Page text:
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Family Amaranthaceae
Amaranthus cruentus Linn.

Lao ya gu

Scientific names Common names
Amaranthus anacardana Hook.f. Halon (Tag.)
Amaranthus arardhanus Sweet Kadiapa (Tag.)
Amaranthus carneus Moq. Kalunai (Ilk.)
Amaranthus cruentus L. Koyapa (C. Bis.)
Amaranthus esculentus Besser ex Moq. Kudiapa (Bis.)
Amaranthus farinaceus Roxb. ex Moq. Kuliapa (P. Bis.)
Amaranthus guadelupensis Moq. Urai (Tag.)
Amaranthus incarnatus Moq. Foxtail amaranthus (Engl.)
Amaranthus montevidensis Moq. Red amaranth (Engl.)
Amaranthus paniculatus Linn. Red shank (Engl.)
Amaranthus purgans Moq. Wild amaranth (Engl.)
Amaranthus rubescens Moq.  
Amaranthus sanguineus L.  
Amaranthus sanguinolentus Schrad. ex Moq.  
Amaranthus speciosus Sims  
Amaranthus spicatus Wirzen  
Amaranthus Strictus Willd..  
Halon is a common name shared by Amaranthus paniculatus Linn. and Morinda umbellata Linn.
Amaranthus paniculatus L. is a synonym of Amaranthus cruentus L. The Plant List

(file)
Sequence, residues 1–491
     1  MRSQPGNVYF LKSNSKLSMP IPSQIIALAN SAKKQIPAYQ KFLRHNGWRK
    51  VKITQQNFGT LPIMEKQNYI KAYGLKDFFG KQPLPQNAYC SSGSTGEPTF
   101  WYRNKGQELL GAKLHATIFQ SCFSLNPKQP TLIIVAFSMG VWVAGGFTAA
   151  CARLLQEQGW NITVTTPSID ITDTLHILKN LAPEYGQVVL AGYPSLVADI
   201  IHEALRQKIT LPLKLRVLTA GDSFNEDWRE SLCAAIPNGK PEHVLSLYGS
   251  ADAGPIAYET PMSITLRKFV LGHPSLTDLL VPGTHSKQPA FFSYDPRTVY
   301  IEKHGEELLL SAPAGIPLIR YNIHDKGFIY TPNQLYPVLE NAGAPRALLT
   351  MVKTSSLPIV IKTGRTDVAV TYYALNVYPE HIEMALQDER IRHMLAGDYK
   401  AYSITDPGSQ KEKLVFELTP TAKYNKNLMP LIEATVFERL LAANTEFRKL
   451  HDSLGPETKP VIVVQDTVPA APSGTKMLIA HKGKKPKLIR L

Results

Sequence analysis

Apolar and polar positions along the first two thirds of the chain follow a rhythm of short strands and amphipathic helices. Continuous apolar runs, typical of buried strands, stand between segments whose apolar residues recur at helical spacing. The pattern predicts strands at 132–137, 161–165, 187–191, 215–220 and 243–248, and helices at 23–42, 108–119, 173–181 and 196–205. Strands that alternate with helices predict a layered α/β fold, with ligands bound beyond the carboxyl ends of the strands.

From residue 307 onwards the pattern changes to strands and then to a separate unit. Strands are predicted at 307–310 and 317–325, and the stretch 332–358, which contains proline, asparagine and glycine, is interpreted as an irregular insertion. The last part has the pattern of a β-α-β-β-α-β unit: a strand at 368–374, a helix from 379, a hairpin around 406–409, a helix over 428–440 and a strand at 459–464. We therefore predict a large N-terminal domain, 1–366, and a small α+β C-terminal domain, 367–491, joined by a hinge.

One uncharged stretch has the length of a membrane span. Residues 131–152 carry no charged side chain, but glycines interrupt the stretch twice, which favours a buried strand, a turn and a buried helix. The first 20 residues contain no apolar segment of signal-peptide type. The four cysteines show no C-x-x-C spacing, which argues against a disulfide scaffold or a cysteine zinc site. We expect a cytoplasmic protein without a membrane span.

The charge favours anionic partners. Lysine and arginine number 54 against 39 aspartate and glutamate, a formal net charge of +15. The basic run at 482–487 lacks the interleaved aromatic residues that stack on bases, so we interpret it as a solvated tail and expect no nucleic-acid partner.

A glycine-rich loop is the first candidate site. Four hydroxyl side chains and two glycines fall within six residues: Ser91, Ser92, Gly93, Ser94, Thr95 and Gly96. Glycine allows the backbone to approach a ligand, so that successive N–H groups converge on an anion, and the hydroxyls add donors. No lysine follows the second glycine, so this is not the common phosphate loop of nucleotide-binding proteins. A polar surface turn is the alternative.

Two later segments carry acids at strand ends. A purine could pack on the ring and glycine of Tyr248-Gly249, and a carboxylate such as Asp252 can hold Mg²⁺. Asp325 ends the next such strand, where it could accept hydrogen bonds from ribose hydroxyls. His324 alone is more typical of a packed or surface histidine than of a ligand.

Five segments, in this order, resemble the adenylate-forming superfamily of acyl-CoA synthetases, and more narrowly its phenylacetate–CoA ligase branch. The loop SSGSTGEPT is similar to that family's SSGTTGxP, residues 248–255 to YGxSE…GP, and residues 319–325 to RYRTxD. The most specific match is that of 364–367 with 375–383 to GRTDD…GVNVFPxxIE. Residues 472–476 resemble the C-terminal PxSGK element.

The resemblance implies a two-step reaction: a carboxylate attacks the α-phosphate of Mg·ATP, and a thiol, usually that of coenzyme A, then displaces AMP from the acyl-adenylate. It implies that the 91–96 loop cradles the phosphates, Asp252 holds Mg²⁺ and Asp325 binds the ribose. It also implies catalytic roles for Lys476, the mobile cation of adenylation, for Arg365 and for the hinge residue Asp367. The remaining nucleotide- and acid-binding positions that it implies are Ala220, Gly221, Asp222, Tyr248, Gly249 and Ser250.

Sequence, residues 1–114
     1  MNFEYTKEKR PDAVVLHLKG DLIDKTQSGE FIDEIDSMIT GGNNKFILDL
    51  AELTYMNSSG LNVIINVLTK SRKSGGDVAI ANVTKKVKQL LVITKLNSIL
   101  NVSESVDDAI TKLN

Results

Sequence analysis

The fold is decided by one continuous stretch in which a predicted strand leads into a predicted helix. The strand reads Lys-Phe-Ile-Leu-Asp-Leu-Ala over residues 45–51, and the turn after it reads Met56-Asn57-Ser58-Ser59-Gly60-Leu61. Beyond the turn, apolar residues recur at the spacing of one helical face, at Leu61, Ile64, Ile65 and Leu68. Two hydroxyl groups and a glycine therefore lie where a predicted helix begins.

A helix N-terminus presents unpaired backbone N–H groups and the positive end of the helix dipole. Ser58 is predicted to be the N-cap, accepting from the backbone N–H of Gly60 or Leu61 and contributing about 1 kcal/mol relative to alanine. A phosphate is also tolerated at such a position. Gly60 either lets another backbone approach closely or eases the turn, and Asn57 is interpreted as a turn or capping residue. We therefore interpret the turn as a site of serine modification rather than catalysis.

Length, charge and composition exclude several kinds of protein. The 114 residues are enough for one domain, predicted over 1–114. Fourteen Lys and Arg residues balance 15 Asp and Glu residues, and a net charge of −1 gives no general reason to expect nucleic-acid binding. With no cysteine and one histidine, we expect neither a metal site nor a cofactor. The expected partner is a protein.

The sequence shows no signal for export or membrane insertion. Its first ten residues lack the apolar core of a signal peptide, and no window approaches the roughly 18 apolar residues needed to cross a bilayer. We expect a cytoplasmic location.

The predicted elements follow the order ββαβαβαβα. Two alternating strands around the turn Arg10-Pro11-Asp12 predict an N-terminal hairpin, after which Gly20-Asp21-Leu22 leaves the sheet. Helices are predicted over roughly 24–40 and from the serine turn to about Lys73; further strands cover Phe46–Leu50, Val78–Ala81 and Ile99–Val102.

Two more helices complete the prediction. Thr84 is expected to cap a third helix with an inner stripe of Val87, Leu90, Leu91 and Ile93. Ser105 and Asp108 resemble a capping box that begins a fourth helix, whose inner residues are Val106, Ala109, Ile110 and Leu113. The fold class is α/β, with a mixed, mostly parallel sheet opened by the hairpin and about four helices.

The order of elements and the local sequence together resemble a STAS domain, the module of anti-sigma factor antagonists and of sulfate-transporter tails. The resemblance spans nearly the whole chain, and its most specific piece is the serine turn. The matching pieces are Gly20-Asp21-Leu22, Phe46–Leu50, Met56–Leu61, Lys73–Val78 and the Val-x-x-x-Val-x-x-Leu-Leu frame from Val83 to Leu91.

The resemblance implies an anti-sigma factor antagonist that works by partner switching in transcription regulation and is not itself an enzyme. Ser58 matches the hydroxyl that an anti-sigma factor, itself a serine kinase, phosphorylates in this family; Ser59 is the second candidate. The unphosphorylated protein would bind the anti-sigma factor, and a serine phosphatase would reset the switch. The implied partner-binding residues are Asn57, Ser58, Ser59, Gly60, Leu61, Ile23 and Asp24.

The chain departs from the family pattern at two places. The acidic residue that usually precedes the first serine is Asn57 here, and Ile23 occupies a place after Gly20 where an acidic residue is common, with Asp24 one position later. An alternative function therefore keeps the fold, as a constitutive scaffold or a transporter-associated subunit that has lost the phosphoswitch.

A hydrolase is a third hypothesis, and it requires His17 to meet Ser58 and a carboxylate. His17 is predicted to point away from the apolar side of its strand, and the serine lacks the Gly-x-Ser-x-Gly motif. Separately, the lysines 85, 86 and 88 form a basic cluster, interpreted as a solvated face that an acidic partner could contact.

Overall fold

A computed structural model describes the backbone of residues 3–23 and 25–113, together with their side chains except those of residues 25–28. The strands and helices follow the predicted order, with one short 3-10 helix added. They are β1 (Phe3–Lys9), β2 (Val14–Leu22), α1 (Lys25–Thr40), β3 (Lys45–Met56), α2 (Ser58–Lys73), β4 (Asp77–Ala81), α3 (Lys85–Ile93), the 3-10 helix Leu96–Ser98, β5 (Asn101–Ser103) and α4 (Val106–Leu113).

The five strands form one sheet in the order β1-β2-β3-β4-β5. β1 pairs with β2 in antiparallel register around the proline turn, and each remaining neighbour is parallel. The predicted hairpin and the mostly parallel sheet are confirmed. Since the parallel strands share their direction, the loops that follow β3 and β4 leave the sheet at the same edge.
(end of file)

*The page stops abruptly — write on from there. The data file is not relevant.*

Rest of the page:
Amaranthus cruentus L. is an accepted name The Plant List

Other vernacular names
CHINESE: Fan xui xian, Tian xue mu, Ye gu, Luo ye gu, Lao ya gu.
INDIA: Rajgira.
MALAYSIA: Bayam putih.
MEXICO: Amaranto, Chichilquilit, Huauhquilit, Yerba de bledos.

Halon is an erect, stout, branched, unarmed, annual herb, growing to a height of 1 to 2 meters. All parts are usually reddish-purple. Lower leaves are oblong-ovate to ovate-lanceolate, up to 25 centimeters long, 8 centimeters wide, with long petioles. Upper leaves are similar in shape but smaller. Panicled inflorescences are terminal and are borne in the upper axils of the leaves. Panicles are 15 to 30 centimeters long, red, green or yellow. Flowers are numerous, about 1.5 centimeters long. Sepals are oblong to oblong-obovate, apiculate and shorter than the bracts. Utricle is 3-toothed at the apex, circumciss, exceeding the calyx. Seeds are brown or black, shining, about 1 millimeter in diameter.

- In open waste places, at low and medium altitudes, from northern Luzon to Mindanao.
- Introduced.
- Cultivated as a grain crop in some countries.